Nancy: Then, Kelly, let me just take this back again to . . . I know that some of the women you minister to are married. We hear from women here at Revive Our Hearts whose husbands are deep into pornography or other kinds of sexual sin, and he’s not trying to battle it (the husband). He’s not trying to get set free. And here’s a wife in this marriage.

Give a word of encouragement to that woman about what her recourse is—how she can lay hold of the grace of God and lean into that in this marriage.

Kelly: Sure. I think I would first want to ask them, “Is your husband a believer?” I think if your husband is not following Christ, is not a Christian, then he can’t know real change until he submits his life to Christ. That would be the first place to be praying, for God to save him.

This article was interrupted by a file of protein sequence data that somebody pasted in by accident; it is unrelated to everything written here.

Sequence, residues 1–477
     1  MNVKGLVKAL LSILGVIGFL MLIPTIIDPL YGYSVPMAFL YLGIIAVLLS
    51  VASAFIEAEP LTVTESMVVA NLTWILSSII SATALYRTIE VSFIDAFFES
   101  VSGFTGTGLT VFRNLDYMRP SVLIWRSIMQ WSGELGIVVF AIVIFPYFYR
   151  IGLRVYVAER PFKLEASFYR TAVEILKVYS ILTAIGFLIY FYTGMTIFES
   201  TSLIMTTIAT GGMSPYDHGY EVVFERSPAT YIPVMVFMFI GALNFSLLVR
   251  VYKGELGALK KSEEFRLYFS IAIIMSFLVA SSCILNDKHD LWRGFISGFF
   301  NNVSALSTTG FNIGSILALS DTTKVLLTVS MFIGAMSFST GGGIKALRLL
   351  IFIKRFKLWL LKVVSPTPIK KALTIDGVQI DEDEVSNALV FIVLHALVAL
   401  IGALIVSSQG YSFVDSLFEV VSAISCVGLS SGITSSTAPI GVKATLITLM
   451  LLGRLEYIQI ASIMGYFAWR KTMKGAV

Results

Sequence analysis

But if he does claim to follow Christ, he is a Christian and is unrepentant in this sin, unwilling to change, unyielding in that, I think there’s a place for women—if they haven’t—to approach their husbands honestly and confront them with that.

I think that needing to submit to and honor and respect our husbands does not exclude the need, at other times, to confront lovingly. There’s a way to do that in a posture of respect. A lot of that has to do with the timing of when you say that and how you say it.

Nancy: And we’re not talking about diminishing sin or saying that it doesn’t matter.

Kelly: Exactly. It matters greatly! Especially if you have children, there are big stakes in the game for an unrepentant heart in this area. I think, if that hasn’t happened yet, I would say start praying for a few weeks about when to approach your husband, what to say, how to say it.

Then confront him with, “I’m really concerned for your soul firstly, for living in unrepentant sin, and for all these other things that are going on.” Then to plead with him to change, to try and persuade him to come back to Christ.